The media’s crime hype and scapegoating led to a crackdown on unhoused people in 2022.

by Julie Hollar, FAIR

For some time now, news media have been conflating crime, homelessness and mental illness, demonizing and dehumanizing people without homes while ignoring the structural causes leading people to sleep on subways and in other public spaces. With New York City Mayor Eric Adams’ latest announcement that he would hospitalize, against their will, unhoused people with mental health conditions—even those deemed to pose no risk to others—in the name of “public safety,” the local papers once again revealed a propensity to highlight official narratives and try to erase their own role in conjuring the crime hysteria that drives such ineffective and pernicious policies.

Adams, who made fighting crime the centerpiece of his 2021 campaign, announced his latest plan on November 29, his latest in a series of pushes to clear unsheltered people from the streets and subways of New York City. It would loosen the current interpretation of state law, which allows police and other city workers to involuntarily hospitalize people with mental illness only when they pose a “serious threat” to themselves or others. Now, Adams declared, those also eligible would include:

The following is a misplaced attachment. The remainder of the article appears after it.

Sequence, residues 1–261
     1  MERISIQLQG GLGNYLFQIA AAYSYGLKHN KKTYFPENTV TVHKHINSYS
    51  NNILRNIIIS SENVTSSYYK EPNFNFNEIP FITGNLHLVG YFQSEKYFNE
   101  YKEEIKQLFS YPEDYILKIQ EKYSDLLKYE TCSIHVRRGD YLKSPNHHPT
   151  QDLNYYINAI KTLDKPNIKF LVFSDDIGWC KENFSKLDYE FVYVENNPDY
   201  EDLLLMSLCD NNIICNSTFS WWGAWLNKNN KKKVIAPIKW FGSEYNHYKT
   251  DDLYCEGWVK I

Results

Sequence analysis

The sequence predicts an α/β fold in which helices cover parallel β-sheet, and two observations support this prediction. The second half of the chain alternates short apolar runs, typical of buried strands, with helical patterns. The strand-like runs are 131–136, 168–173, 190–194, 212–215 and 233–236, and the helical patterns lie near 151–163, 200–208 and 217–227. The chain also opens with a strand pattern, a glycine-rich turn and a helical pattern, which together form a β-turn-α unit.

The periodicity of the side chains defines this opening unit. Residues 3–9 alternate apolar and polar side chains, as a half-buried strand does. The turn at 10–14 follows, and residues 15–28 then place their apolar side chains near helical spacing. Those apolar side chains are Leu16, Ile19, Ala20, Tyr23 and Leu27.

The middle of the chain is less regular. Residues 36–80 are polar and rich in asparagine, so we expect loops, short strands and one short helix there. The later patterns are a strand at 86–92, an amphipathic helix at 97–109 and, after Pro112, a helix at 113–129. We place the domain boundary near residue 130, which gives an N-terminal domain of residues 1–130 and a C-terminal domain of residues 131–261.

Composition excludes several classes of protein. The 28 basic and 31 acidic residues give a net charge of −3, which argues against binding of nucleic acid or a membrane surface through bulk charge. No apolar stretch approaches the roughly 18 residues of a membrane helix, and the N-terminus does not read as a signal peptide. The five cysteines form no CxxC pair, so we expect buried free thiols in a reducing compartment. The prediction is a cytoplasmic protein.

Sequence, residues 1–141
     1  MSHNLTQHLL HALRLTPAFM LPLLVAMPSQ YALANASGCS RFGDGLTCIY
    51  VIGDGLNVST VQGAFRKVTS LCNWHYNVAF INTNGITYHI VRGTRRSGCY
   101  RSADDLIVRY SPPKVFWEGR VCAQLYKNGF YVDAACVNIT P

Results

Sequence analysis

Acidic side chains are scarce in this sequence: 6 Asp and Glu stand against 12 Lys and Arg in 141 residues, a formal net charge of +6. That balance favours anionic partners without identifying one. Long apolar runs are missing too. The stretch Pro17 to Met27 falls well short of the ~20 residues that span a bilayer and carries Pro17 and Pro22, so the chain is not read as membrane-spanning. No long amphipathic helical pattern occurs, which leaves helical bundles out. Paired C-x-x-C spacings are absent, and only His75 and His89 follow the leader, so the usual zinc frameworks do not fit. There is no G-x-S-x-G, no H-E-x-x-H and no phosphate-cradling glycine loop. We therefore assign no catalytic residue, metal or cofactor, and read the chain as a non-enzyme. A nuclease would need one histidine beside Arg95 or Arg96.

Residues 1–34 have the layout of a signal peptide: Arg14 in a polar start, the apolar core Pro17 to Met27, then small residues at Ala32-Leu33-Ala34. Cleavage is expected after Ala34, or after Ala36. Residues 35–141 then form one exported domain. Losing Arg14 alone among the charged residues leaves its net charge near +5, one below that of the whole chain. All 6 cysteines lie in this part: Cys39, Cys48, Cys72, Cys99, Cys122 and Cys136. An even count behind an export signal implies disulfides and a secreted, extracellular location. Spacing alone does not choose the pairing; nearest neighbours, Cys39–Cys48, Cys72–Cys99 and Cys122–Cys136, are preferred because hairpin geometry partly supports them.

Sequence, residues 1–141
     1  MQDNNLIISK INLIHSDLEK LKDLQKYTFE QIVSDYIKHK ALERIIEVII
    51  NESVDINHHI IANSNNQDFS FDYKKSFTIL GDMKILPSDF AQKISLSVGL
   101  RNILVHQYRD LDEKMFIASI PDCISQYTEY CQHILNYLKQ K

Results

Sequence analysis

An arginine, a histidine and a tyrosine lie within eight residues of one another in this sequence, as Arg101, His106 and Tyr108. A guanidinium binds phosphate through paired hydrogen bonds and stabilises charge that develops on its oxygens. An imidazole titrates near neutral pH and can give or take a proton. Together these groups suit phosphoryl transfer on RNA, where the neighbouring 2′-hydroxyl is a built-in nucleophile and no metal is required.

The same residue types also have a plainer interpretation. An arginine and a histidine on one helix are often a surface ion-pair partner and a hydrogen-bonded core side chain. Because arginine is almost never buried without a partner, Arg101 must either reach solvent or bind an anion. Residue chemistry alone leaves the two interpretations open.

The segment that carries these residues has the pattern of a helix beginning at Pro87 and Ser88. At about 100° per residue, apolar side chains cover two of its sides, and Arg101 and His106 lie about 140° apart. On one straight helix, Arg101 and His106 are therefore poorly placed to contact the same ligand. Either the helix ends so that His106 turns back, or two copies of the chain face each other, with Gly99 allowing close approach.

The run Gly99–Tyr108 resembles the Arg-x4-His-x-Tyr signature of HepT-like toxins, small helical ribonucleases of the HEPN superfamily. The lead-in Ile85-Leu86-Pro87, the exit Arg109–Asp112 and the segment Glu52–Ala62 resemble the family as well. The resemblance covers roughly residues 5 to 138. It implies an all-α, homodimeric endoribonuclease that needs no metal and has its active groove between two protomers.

Homeless Tent Camps and Homeless People in Los Angeles California. Approximately 60,000 persons may be found homeless on any given night in LA.

The man standing all day on the street across from the building he was evicted from 25 years ago waiting to be let in; the shadow boxer on the street corner in Midtown, mumbling to himself as he jabs at an invisible adversary; the unresponsive man unable to get off the train at the end of the line without assistance from our mobile crisis team.

The next day, the New York Times (11/29/22) put the story on its front page. The article, by Andy Newman and Emma Fitzsimmons, led by conflating homelessness and crime.

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